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Brief Description: Absorption spectra and DOC concentrations
Geospatial Synthesis of Chromophoric (color-absorbing) Dissolved Organic Matter (CDOM) Distribution in the Gulf of Mexico
This dataset is affiliated with the North American Carbon Program (NACP). For additional information, please see the entry at the NACP site.
This data set will be a synthesis of bio-optical data on chromophoric or color-absorbing dissolved organic matter (CDOM) in the coastal regions the Gulf of Mexico - an immediate goal of the NACP and OCB programs. Absorption spectra and DOC concentrations from the Organic Matter Cycli project will be reported. In addition to in situ absorption spectra and DOC concentrations some study locations may also report fluorescence (estimate of chlorophyll a concentration), plus CTD and dissolved oxygen measurements
CDOM affects on water quality and water clarity are part of a high priority issue identified by the Gulf of Mexico Alliance (GOMA). Each of the PI's listed has historical CDOM data from coastal regions of the Gulf of Mexico, ranging from the Texas coast to West Florida Shelf.
The historic CDOM synthesis data set will provide a resource for validating remote sensing algorithms that predict water clarity properties in the coastal areas of the Gulf of Mexico. Each dataset to be shared by a PI is linked to specific research cruises. Thus the database has temporal and spatial coverage and associated metadata. In Years 1-2 of the project, data will be collated from each PI and transformed into a format amenable to data rescue by BCO-DMO. The structure of the resulting database will provide a mechanism by which future data sets may be integrated by members of the scientific community, through the project. In Year 2, as data comes online, it will be used to validate a coastal CDOM remote sensing algorithm for the Gulf of Mexico. Co-PI D'Sa has a decision support science website (http://gulf-coast.lsu.edu/index.html) that will provide water clarity data products based on CDOM algorithms.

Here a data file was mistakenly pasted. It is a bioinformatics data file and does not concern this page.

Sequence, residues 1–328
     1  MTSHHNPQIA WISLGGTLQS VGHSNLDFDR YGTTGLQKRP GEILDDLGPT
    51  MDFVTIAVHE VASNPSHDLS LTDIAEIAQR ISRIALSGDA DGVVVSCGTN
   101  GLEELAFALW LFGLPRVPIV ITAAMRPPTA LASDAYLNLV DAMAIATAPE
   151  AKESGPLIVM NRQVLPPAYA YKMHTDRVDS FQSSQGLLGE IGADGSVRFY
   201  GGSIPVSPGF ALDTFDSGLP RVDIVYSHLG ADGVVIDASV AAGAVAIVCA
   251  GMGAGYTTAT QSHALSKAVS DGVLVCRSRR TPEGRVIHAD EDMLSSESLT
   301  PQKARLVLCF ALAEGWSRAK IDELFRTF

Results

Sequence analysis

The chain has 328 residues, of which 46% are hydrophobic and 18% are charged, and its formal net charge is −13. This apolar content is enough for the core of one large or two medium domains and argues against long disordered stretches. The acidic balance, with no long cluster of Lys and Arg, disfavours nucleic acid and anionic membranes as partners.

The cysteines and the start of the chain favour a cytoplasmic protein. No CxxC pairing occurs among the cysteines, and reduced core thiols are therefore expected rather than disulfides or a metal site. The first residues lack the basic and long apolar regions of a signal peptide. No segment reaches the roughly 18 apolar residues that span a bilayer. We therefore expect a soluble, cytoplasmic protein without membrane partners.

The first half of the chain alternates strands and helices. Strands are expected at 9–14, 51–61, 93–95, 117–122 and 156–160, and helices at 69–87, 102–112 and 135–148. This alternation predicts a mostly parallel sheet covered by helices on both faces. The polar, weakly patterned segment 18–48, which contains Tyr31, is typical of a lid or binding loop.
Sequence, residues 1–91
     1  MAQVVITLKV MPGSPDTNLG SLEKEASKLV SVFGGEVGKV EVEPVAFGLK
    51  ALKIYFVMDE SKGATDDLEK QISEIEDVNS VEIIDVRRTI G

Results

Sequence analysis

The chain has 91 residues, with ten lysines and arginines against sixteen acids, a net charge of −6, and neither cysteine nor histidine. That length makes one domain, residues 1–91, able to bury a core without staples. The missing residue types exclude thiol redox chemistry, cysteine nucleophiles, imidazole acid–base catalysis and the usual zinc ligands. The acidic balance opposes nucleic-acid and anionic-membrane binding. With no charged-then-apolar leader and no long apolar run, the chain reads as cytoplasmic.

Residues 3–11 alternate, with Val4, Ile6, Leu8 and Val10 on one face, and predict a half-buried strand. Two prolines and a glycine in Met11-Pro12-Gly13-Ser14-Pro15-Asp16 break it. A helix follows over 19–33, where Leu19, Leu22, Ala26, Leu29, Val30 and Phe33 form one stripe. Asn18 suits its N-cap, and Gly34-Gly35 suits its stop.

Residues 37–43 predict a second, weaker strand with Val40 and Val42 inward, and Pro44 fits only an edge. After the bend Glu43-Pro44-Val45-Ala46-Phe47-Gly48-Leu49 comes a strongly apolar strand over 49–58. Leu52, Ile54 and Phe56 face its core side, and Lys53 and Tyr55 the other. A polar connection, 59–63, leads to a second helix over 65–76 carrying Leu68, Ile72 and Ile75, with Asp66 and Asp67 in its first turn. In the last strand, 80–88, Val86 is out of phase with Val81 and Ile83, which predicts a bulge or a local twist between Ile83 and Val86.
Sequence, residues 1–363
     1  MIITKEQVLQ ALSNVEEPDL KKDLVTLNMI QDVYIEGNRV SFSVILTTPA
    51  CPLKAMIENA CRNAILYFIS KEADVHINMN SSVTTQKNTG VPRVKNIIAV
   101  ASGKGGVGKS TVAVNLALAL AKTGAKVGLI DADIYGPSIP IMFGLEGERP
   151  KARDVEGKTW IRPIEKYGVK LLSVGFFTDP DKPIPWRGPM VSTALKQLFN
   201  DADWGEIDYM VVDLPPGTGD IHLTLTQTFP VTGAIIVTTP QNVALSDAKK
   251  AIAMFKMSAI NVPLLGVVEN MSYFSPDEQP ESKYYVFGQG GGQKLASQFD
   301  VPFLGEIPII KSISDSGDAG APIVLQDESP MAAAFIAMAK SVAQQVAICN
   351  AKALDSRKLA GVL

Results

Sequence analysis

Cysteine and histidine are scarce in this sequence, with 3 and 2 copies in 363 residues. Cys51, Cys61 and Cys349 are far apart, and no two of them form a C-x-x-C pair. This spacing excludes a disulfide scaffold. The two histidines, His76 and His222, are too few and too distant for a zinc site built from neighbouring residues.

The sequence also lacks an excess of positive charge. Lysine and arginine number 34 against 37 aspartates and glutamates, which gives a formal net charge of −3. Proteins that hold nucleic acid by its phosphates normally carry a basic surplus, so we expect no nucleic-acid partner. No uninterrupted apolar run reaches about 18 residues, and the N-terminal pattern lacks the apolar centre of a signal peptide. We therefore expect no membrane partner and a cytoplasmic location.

The goal of the project is to have a functional database of CDOM information for two objectives. One objective is to provide coastal oceanographers with a clearinghouse for CDOM data that can be accessed and to which future cruise-related data acquisitions can be added. The second objective is to provide a resource for decision makers who require water clarity data on spatial and time scales for which satellite imagery may be used. For the second goal to be met, we have as an objective the validation of CDOM algorithms using the proposed database. Once the algorithm is validated, water clarity data products can be generated by users using the GCIS website, which will link to the CDOM database hosted by BCO-DMO.
The CDOM database will also provide pilot data for research proposals to NSF from our team. Part of our evolving project is to produce geospatial models of CDOM distributions in the Gulf of Mexico from the inflows of multiple rivers as well as the Loop Current. Functional models of CDOM distributions will further aid in remote sensing algorithm development and validation and in the general understanding of terrestrial C flux to the Gulf of Mexico.
September 2010: added processed Atchafalaya data from Chris Osburn
December 2010: raw/unprocessed Mississippi Plume absorption coefficients were added but then quickly removed
June 2011: added processed Mississippi Plume data from Bob Chen; a_lambda units corrected to "per meter" (had been incorrectly specified as "per nanometer" in earlier version)